Portuguese experimental trio 10 000 Russos released their fifth album Superinertia last week via Fuzz Club Records. Following on from 2019’s Kompromat and tour-dates around the UK, Europe and Mexico in support, the Porto-based band describe ‘Superinertia’ as a record addressing the “state of inertia that humans live in the West nowadays. It isn’t a record about the past or future. It’s about now.” This inertia, they say, is one deeply-rooted in the Western condition – in which ‘common sense’ masquerades political impotence, culture is largely dominated by pastiche and nostalgia and life itself is reduced to an endless cycle of work-consume-repeat.
For all that Superinertia might take aim at a world without motion, however, the same cannot be said of 10 000 Russos themselves. Not least because of the new sounds explored on this album, aided especially by the recent addition of synth player Nils Meisel to the line-up (who replaces former bassist André Coute). “The synths really opened up the sound of the band and gave more routes for the music to journey down”, drummer and vocalist João Pimenta explains: “The most important thing on this album was to not repeat ourselves, and to do so without sounding like a Zappa tribute band. I really think the old Russos are now buried and a new arc in our sound is coming to life.” Fundamentally, though, 10 000 Russos’ music has always been about as kinetic as it gets: a perpetually driving sonic force. At times on ‘Superinertia’ – beneath Pedro Pestana’s manipulated guitar squalls, new experiments with synths and tongue-in-cheek vocals that make you think Pimenta might just be Portugal’s answer to Mark E. Smith – you can still find hints of those same motorik rhythms that charged blissfully into the infinite on their earlier works.
Opening with ‘Station Europa’ they waste no time laying down the tracks for what is to come. The motorik beat grabs hold instantly and the lyrics offer a hint at their views on the current political state of the times in which we find ourselves. Pestana describes it as “a twisted anthem for the end of Europe, in which the once-sacred French words Liberté, Égalité and Fraternité are contradicted by a heritage of bureaucracy that gets in the way of a fellow member’s call for help.” ‘No more French words!’, Pimenta sarcastically quips, amongst such other lyrical highlights which I’ll let you discern for yourself but listen closely and have a good laugh at your own expense. ‘Saw the Damp’ is the most traditional sounding Russos track on the album; “the use of a bullet mic on the tom gives it this hypnotic West African polyrhythm, whilst pairing it with a Neu-esque guitar riff”, and when coupled with the opener, they act as a perfect bookends for how Russos sound is evolving.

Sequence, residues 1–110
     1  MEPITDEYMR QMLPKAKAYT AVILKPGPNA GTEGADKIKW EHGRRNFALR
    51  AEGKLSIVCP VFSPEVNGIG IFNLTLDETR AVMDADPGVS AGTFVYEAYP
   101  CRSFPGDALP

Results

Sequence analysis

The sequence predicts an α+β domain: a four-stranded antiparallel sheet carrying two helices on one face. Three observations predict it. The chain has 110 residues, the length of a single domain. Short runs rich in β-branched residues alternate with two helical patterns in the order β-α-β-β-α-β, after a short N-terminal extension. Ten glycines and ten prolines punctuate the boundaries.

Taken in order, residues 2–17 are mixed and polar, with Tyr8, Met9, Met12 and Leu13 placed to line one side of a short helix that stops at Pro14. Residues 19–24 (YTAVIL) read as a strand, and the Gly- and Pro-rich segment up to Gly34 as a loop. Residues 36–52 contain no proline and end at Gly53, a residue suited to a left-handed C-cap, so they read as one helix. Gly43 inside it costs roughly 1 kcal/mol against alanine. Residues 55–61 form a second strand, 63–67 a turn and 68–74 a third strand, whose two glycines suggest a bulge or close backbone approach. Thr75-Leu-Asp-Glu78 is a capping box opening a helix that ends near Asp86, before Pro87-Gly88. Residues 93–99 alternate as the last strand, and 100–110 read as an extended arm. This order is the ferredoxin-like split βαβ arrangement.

‘Super Inertia’ showcases the best the new line-up has to offer, with an expansive new sound flourish, which, musically, Pimenta describes frankly as “funky as f*ck with a 90s Summer of Love dance anthem ending.” It’s an injection of euphoric hedonism into a song (and album) that’s title acts as “a response or reaction to the forced halt we (the proverbial we: Man) have been subjected to lately and what we have been missing”, as Pestana puts it. It’s the type of track you always knew they were capable of, but for some reason never quite pictured them recording, yet here it is in eight minutes of glory and with the tour looming, this is the one that will fill floors with dancing bodies. ‘A House Full of Garbage’ is a slow burner, which – replete with sparse drum-machine and languid, jangling guitars – is the closest thing 10 000 Russos have ever done to a pop song. With lyrics like ‘It’s just you and your hope / It’s just you and your tiny home / Three cups, five forks and one knife, four thousand boxes / I can’t work in this house full of garbage’. It won’t be for everyone, but it is a poignant message of the times we have been through, those forced to work from home in less than ideal surroundings will surely relate.
Closing off is the cinematic epic ‘Mexicali/Calexico’, inspired by their stop at Mexicali on their 2019 Mexican tour. Pestana says of the song: “It’s a diptych about crossing from Mexico to the US. Mexicali (MX) and Calexico (US) would just be one city if there weren’t bars in between. It’s to do with being disillusioned with a dream – like you’re already in a sore state, leaving to a sort of promised land and after crossing everything still turns into crazy cowboy shit.” Like the neighbouring cities of its title, the song is divided into two separate but ultimately inseparable parts: Mexicali (sung in English) and Calexico (sung in Spanish). Mirroring the protagonist’s wandering journey across the border, the music itself only gets wilder and wilder. Beginning with atmospheric, desert-invoking guitars that bring to mind Ry Cooder’s ‘Paris, Texas’ soundtrack, the track soon enough builds into an unhinged, feedback-blasted Stooges beat interspersed with frantic banjo playing.
Not sure what there is left to say in summing this album up, it’s simply brilliant and you should go and listen to it – loud – and then go and see them live as soon as you can.